What God has called you to will most likely not be easy. Do it anyway. Persevere. Let God use the struggle to build you. As Churchill once said, “Never give up and never surrender.” Well maybe it’s better stated this way, “Surrender to God and never give up.”

Assignment: Look back over your life. Was there anything you gave up on because it was hard? What were the effects of your giving up? Any regrets? Now look at you current goal. What will be gained if you succeed. What will be lost if you quit.


I had a great night last night. I had a great time of ministry. A few months back, I preached a series of revival meetings. One of the things that I love about using art in ministry is that the art connects with the kids. Well this time, the kids said they should have me back to do something for them. The pastor, liked the idea so they had me back. Last night I did the first of a series of four services based on the animals of the Bible. It was wonderful. Rather than doing the event in the sanctuary, we did it in their fellowship hall. The kids were seated at tables. I started with doing a painting, then told the story, and then we allowed the kids to do their own painting based on the story and the painting I did. Basically they created their own reminder of the teaching that night. I have to say it was so rewarding, just a night of pure joy.

I had a couple of observations from the evening. The first was, at the end of the night, when the kids were busy painting, I went back to the adults in the back of the room and joked that on the last night the kids were going to sit in the back and the adults were going to paint. These are great folks who I have ministered to several times, and we have a really good rapport, but quite a few folks seemed kind of nervous that I might be serious. I wasn’t, but it struck me. Children are quick to create at just about every opportunity, but the older we get, the people willing to create, especially publicly, shrinks. It bears out what Picasso said, “All children are artists, the problem is to remain one as one grows up.” I honestly would love to know why that is. I can’t imagine life without creating. It’s such an outlet. I’m not saying everyone has to be a professional or that everyone should seek to get a gallery show, or whatever, I just wish everyone would allow themselves the opportunity to get what’s going on inside them, out, not to mention the fun of creating.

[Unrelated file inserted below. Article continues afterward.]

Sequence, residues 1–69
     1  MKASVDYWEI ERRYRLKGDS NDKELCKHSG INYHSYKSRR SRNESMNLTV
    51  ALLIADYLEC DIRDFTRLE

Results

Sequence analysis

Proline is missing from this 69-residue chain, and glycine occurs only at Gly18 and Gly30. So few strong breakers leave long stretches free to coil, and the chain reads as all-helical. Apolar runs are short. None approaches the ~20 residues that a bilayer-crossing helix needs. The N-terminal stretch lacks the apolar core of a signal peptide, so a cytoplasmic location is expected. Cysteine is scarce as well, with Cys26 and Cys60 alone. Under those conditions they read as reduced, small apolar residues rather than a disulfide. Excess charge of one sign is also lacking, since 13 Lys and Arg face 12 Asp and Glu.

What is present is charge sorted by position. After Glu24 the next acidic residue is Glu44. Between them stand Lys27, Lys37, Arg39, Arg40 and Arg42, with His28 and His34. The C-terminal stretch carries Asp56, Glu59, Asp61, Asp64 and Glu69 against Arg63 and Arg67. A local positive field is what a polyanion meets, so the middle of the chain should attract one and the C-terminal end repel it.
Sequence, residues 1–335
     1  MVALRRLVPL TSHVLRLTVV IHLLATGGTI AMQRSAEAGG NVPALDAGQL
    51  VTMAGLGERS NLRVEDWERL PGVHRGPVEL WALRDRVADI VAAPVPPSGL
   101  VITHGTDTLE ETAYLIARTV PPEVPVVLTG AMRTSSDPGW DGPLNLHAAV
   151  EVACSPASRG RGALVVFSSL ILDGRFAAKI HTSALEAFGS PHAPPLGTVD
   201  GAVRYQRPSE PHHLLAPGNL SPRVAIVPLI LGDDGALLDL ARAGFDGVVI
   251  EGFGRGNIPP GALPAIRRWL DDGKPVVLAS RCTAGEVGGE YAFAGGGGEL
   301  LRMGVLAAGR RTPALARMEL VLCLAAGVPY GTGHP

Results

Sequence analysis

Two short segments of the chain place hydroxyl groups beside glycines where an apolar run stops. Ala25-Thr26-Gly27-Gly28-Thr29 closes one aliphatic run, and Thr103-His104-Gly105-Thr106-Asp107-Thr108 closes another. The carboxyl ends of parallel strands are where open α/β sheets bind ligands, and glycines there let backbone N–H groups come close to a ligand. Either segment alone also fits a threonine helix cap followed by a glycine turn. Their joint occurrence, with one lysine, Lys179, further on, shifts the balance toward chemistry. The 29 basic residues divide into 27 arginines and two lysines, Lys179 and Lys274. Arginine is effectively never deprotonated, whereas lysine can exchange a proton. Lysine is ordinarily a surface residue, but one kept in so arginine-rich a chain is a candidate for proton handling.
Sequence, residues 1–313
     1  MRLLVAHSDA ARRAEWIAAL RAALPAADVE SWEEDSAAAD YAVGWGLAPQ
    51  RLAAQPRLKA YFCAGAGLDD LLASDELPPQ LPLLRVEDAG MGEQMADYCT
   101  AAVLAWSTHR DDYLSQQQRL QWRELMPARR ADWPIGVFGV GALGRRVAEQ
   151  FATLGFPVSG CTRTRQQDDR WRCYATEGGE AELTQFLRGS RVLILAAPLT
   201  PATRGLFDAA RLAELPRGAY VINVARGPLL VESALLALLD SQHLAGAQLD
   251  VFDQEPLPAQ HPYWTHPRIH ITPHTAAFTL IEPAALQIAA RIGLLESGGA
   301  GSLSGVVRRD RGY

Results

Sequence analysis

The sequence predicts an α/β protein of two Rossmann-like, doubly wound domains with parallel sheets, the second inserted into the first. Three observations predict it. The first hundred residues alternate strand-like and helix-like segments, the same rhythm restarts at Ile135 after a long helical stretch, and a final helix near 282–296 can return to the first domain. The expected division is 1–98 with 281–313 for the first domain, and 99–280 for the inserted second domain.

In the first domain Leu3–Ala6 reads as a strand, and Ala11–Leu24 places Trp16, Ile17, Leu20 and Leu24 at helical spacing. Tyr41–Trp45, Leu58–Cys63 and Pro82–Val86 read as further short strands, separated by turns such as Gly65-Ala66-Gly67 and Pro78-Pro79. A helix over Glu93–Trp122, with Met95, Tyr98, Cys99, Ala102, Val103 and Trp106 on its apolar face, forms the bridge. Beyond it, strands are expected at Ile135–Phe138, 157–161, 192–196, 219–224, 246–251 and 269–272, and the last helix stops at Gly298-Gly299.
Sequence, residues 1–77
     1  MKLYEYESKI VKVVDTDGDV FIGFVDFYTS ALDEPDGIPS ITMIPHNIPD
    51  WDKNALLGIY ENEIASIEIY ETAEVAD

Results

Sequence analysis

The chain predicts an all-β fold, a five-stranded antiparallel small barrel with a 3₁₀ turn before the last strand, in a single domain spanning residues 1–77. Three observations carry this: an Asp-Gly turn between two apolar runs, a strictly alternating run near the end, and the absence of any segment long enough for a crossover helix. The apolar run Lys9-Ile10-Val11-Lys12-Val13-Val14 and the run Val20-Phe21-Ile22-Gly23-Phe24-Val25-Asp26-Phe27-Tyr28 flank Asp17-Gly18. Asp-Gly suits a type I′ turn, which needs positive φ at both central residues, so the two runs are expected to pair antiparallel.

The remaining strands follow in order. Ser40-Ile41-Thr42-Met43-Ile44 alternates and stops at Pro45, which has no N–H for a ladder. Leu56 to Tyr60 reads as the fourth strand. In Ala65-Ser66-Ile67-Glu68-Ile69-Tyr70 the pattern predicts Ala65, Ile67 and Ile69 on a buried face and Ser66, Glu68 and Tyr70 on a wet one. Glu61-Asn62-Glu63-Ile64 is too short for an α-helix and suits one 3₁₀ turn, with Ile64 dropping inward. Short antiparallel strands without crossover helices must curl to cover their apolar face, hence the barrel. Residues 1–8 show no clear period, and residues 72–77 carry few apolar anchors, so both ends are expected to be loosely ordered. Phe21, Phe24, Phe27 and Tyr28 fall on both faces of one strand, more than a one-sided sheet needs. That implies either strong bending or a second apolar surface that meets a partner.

My big observation though was this. This was a church event that started in the heart and mind of a child, that the church leadership took seriously and ran with it. I think that is huge and important. The church is consistently losing the next generation. Churches like this one, that give their young people a voice, and take them seriously, have a much better chance of keeping that same generation and all the ones to follow. Next time a kid comes to you with an idea for the church, rather than looking for the problems, look to what can be gained and give it a try. You might be surprised.